Working longer has become a policy priority in recent years, but how can people be actively encouraged to retire later? What needs to change in the workplace in order to persuade people to extend their working life? UCL’s Ewan Carr, as part of the renEWL project, has been looking at survey information from the English Longitudinal Study of Ageing (ELSA) to see what matters to older workers when it comes to deciding whether or not to retire.
Rates of employment among older workers (aged 50-64) may have increased in the last decade or so, but across Europe, significant numbers of people in this age group continue to retire before the statutory pension age. In fact, more people retire before statutory pension age than after it.
For policymakers seeking to change that position, and for businesses looking for how best to modify the workplace to help achieve it, a better understanding of the drivers behind early retirement is essential.
Job demands and conditions
We looked at the working lives of nearly 3500 members of the ELSA study to see whether the demands and conditions of their job influenced the preferred and actual timing of their retirement. We focused on the mental as well as the physical demands of their job.
We anticipated that those with physically and mentally demanding jobs would prefer and, where possible, opt for early retirement, whilst those with fulfilling jobs, with decision making powers, support and recognition, good career opportunities and financial reward would be happy to work longer.
Participants in the study were asked how physically demanding their job was, how much time pressure they were under at work, how much control they had and to what extent they felt supported and recognised.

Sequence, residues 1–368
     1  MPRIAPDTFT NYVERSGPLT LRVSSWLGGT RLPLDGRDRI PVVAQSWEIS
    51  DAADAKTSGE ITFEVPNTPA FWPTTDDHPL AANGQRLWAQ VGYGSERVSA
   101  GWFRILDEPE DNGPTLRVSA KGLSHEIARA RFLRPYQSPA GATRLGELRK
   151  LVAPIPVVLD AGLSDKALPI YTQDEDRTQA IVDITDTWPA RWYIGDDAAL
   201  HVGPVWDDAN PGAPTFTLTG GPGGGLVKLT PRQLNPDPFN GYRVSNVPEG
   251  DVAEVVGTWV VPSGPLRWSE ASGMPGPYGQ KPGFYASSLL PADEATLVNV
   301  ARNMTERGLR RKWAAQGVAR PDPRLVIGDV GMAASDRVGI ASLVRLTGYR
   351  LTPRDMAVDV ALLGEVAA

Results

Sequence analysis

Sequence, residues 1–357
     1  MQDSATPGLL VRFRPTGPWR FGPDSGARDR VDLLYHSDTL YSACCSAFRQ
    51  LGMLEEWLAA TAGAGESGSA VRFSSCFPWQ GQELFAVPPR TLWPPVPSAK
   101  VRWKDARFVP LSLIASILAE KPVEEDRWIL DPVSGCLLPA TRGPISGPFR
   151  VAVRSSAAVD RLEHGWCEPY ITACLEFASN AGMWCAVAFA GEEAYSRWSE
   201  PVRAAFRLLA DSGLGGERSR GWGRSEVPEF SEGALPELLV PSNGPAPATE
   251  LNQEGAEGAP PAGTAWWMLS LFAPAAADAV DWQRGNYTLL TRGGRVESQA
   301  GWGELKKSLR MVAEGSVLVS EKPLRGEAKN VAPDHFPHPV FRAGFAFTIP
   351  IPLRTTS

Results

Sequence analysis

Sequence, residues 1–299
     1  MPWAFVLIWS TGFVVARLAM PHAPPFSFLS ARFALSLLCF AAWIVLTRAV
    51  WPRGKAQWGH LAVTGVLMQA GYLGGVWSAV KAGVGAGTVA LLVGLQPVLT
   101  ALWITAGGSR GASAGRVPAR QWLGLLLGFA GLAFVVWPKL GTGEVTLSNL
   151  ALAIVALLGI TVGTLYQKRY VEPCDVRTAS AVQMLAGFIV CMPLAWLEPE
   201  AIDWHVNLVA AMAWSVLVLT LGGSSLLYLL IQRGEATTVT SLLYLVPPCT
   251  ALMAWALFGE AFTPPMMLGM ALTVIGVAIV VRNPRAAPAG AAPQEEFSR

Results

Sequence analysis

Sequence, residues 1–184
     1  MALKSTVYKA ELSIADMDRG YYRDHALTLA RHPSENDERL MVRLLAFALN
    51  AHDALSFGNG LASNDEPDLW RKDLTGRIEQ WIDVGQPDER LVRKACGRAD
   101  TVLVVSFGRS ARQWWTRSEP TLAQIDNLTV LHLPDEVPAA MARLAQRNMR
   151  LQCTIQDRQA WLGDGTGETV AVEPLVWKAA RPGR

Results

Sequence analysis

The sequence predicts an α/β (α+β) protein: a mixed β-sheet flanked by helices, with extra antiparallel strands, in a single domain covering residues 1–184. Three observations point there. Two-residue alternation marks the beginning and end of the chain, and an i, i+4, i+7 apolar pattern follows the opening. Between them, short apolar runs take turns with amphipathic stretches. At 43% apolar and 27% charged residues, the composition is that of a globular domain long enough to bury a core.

After taking a range of factors into account, the mental demands of a job, control at work and low recognition were the most influential when it came to retirement timing preferences.
We found that employees who reported having to ‘work very fast’ or being under time pressure preferred to retire 3 months earlier than those who said this was not the case. Employees who reported having low levels of control at work and low recognition wanted to retire around 5 months sooner than their peers.
The likelihood of actually stopping work (as opposed to wanting to stop work) was also influenced by levels of decision control, support and recognition. Employees with high levels of control were less likely to stop working, compared to those with low levels of control. Employees who felt poorly supported or that their work wasn’t recognised were also more likely to give up work.
It seems that even though a mentally demanding job might lead someone to say they would like to retire early, this doesn’t always lead to them leaving work. Other factors, besides the workplace environment, may prevent older workers from retiring when they want to.
Those who want to keep working might end up retiring early due to poor health or caring responsibilities. On the other hand, employees who want to retire early (due to the demands of work) might lack the necessary pension or financial savings to make this possible.
Our findings indicate that increasing job control from low to high could postpone retirement preferences by as much as two years – a clear indication that modifying the workplace could and should be a focus for policymakers and businesses aiming to extend working life.
Working conditions as predictors of retirement intentions and exit from paid employment: a 10-year follow-up of the English Longitudinal Study of Ageing is research by Ewan Carr, Gareth Hagger-Johnson, Jenny Head, Nicola Shelton, Mai Stafford, Stephen Stansfield and Paola Zaninotto. It is published in the European Journal of Ageing
Photo credit: Hiroyuki Takeda